We were heading to the island of Vis to see the Blue Grotto of Croatian fame.  One has to arrive in the morning between 9:00 and 11:00 to get the best effect and see it was some distance off we anchored for the night on the southern side at a place called Rukavac.  Again not good holding and a few boats around but in the end we got the anchor to hold.  Off the next morning in flat calm to the island Bisevo.  You dont need to know where the Blue Grotto is because the number of vessels heading in that direction will tell you.  There is a bay and you have to drop the hook in at least 25 m of water.  Luckely there was no wind and a number of people on there yachts to keep an eye on yours.  Into the RIB and rowing to the entrance to the cave.  Again the Croatians had their hand out for money.  This time 30k per person.   You pull your RIB through the low entrance and then you are inside a large cave with this wonderful blue light filtering up from the water.  When we entered there were only two other inflatables but we were disturbed by three local tourest boat that barged their way into the best place in the cave.  Luckely we had taken our photos and soon left the cave.
We sailed to the main town of Vis called Komiza and anchored out hoping we were far enough out not to be charged to anchor but no a yound lad with a shirt and a local badge came along side and charged us 70k for the night.  We went ashore and walked up the hill to the 13th century Benedictine monastery of St. Nicholas, so-called Muster. It has been built on through the ages but the latest Baroque style was added in 1652.  Work was underway pumping concrete into the foundations to stop it falling apart.  The marina/harbour was filling up as we returned to Malua.  We were pleased to be anchored out from the inevitable chaos of the charter boats going astern onto the dock.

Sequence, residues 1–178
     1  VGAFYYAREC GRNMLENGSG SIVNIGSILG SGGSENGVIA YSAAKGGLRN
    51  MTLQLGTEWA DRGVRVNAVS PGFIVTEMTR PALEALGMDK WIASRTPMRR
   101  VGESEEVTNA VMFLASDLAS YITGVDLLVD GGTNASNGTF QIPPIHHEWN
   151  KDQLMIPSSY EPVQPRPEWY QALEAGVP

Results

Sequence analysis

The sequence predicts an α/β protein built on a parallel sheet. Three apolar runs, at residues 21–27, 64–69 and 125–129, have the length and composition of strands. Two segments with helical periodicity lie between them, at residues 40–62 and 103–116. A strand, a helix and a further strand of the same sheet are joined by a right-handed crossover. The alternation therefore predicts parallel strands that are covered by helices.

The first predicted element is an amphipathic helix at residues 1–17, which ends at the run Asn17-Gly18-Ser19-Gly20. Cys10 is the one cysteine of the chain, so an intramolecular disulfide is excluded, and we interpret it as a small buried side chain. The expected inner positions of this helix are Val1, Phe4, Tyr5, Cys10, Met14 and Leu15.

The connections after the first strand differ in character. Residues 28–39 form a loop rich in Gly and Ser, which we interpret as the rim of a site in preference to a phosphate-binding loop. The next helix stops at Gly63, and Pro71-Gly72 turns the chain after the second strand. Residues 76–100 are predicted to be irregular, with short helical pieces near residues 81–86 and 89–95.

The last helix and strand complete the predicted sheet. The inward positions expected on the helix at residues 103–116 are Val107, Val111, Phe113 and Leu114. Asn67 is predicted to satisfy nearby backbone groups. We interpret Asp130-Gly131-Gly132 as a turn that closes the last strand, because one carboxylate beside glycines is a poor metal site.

As the sun set two small fishing boats started to put out a fishing net.  One at each end in an attempt to catch a shoal of fish.  After encirceling the fish they hauled the net in by hand, a very difficult task.  When the final purse was along side they pulled it abourd with about five buckets of small fish.  What an effort for such a small catch.  Nothing was thrown back because it was too small.  No wonder the Med has been fished out.
We set off to try and get as far north in one hop.  We called into see the sunmarine shelters built into the mountains.  There are a number of island scattered around this area however few have good anchorages especially if the wind is coming from the south as it was for us.  Great sailing but no anchorages.  We passed through the chanel between Klement and Maninkovac and did a turn of the Havar bay.  Very crowded and not a place to stop.  The wind was still in our favour so we set off to find a bay on the southern side of Brac.  As we came closser it became obvious that the wind was in the wrong direction so we turned to the east and passed through the ??? channel and into the bay with Milne at its head.  We had sailed 60nm that day and just needed a place to anchor which we found in a lovely isolated bay.

Here are some photos Croatia

We then set off for Venice.